Thanks to the growing contributions of archaeologists, it seems that we are unearthing evidence of man's ancient presence on Earth, creating fresh narratives about the past as quickly as developers and industry leaders are constructing a new history with their innovations. Perhaps this is why we are seeing many examples of people of today reviving ancient methods or even rebuilding tools from centuries past.
Now, a group of scientists from Australia and Indonesia is releasing information about the oldest figurative drawings unearthed in any cave in the world. They were discovered in a cave in Borneo on the Indonesian island of Sulawesi, and despite their age, possess a rich range of reddish-orange colors.
Shifting the Historical Narrative
To verify their results, the team first took calcium carbonate deposits from one of the larger sections, an animal painting located inside Lubang Jeriji Saléh, a limestone cave in East Kalimantan. They then used the reliable method of uranium-series analysis.
The significance of the findings is two-fold, in that they (1) with supporting evidence that they date back at least 40,000 years, they are the oldest on record recovered by any archaeological team and (2) they refute the long-held idea that the earliest examples exist in Europe.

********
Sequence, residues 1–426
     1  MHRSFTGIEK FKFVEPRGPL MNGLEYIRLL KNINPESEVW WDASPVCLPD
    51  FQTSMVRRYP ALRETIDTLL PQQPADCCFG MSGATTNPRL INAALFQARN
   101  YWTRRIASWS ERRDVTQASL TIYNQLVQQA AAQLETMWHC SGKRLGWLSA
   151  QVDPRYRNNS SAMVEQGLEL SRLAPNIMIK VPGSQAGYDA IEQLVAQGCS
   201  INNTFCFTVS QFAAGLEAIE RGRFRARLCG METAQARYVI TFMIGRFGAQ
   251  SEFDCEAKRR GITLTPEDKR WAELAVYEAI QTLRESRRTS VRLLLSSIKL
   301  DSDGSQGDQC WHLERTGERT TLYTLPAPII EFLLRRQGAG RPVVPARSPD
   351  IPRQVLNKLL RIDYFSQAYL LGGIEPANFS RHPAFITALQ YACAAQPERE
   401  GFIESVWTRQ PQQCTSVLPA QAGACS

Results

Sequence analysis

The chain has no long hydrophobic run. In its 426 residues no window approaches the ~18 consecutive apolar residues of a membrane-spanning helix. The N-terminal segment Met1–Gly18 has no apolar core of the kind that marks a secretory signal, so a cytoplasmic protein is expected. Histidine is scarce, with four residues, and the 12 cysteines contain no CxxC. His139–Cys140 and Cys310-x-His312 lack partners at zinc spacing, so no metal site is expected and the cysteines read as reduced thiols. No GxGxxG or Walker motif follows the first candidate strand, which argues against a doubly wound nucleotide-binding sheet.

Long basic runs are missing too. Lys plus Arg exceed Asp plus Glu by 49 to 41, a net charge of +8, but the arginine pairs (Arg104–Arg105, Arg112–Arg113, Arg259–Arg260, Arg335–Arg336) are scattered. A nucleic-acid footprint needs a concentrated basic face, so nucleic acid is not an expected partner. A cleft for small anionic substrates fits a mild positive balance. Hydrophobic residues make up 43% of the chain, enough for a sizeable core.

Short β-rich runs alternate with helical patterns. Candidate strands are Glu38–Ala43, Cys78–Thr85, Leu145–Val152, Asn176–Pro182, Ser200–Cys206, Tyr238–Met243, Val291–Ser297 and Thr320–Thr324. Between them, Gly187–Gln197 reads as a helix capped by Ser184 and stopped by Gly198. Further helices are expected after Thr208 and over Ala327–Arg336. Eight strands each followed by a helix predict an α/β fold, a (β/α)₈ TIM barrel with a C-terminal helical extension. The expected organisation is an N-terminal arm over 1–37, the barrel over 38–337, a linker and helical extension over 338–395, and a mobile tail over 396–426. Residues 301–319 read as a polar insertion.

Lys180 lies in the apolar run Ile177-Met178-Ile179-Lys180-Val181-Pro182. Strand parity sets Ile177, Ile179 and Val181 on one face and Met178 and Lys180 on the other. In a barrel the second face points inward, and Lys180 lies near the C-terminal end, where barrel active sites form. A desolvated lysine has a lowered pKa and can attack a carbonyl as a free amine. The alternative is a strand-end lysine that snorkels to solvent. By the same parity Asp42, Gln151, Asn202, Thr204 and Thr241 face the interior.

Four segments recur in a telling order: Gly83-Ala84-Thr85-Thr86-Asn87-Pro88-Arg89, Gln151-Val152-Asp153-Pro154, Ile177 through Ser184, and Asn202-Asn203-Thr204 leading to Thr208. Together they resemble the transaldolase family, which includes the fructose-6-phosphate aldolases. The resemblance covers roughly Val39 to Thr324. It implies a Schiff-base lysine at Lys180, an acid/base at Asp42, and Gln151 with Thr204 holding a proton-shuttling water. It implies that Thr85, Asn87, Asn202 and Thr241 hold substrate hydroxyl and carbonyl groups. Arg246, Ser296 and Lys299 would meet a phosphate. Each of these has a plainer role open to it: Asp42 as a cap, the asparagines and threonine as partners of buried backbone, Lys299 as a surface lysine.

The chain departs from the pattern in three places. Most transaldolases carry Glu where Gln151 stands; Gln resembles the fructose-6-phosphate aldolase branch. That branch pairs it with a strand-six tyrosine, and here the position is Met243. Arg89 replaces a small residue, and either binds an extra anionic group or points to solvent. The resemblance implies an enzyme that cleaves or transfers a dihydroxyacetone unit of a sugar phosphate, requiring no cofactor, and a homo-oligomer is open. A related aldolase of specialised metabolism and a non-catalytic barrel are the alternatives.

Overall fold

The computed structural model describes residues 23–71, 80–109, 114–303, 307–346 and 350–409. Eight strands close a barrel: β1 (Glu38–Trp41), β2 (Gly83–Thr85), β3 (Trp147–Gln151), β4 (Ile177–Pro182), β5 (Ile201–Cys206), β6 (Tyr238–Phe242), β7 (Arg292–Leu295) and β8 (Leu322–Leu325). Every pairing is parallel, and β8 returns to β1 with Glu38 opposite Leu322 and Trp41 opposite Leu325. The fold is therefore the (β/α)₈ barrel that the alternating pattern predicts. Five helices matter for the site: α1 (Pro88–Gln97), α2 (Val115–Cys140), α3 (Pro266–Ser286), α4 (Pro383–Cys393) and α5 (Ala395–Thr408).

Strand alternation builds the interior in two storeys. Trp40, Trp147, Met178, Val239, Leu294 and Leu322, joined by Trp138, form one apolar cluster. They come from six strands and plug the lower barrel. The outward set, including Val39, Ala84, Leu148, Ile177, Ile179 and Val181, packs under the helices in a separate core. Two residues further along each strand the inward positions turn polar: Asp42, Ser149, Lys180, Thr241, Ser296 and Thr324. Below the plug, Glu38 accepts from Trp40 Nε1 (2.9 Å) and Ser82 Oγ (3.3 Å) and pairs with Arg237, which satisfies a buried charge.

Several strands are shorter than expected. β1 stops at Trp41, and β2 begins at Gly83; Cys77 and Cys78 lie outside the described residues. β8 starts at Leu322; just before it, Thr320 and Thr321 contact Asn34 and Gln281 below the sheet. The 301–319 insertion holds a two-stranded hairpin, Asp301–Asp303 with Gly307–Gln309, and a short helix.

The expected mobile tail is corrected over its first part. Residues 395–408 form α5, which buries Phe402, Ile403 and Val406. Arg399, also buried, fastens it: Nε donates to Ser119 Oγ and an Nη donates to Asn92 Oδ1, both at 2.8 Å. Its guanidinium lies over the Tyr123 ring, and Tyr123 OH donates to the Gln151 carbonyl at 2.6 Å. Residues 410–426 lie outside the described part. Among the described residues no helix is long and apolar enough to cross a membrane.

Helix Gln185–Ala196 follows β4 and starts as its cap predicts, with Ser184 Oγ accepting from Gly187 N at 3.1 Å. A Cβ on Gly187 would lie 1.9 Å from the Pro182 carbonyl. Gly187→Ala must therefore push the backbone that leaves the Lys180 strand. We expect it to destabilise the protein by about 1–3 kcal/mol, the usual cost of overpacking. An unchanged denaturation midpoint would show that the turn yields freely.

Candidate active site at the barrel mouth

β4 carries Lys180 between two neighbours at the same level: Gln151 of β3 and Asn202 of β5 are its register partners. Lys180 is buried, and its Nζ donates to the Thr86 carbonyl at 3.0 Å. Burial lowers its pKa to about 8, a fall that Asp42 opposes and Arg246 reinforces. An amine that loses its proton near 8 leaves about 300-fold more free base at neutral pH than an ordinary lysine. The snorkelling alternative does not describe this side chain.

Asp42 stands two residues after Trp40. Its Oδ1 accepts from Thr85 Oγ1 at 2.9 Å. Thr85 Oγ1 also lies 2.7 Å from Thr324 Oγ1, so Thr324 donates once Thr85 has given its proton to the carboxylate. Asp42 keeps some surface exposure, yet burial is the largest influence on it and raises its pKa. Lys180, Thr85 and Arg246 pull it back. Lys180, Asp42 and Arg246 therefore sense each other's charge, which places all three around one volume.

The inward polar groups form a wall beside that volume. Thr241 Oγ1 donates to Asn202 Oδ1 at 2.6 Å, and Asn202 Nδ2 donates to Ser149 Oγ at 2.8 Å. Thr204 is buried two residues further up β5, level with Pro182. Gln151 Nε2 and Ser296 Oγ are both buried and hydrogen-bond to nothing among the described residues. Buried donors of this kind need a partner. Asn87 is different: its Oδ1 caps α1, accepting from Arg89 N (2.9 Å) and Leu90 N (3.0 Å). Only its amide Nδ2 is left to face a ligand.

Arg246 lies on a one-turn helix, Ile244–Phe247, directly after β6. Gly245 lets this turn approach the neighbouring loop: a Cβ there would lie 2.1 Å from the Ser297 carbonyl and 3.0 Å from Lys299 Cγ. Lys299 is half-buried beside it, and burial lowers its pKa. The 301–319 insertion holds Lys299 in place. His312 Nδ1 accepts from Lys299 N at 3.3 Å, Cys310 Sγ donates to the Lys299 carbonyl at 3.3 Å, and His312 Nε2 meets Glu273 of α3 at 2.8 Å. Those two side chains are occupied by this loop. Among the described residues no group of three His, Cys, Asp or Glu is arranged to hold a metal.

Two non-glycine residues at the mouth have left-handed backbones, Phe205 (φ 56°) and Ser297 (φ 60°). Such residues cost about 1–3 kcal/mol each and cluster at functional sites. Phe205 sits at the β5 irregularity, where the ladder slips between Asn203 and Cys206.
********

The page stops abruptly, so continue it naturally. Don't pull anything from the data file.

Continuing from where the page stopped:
“It now seems that two early cave art provinces arose at a similar time in remote corners of Palaeolithic Eurasia: one in Europe and one in Indonesia at the opposite end of this ice age world,” said Associate Professor Adam Brumm, a Griffith archaeologist also involved in the study.
Building Theories with New Evidence
The findings help to establish more of a tangible link between the peoples who were part of the ancient and vibrant mix of cultures which occupied Eurasia, which archaeologists and anthropologists have been trying to do for decades. They estimate that a big shift in the cave art aesthetic occurred roughly 20,000 years ago. The whens and hows of when this exchange took place are still not clear, and it may never be.
Still, it seems there are now just as many questions as answers, which any good archaeologist knows is a good thing. The team estimates that current-day Borneo was part of the massive supercontinent of Eurasia.
“The new findings illustrate that the story of how cave art emerged is complex,” explains rock art expert Adhi Agus Oktaviana, who was also part of the expedition.
Though there is still much evidence to piece together by the archaeological team, their work is helping to fill in massive gaps of information about the past, and at the same time build a new roadmap of history that will endure for decades to come. Much like the work done on deconstructing--and then reconstructing--the Silk Road, each new piece of evidence is changing our concept of the collective past.
Details about the historic findings appear in an article, titled "Palaeolithic cave art in Borneo", which was published yesterday in the Nature journal.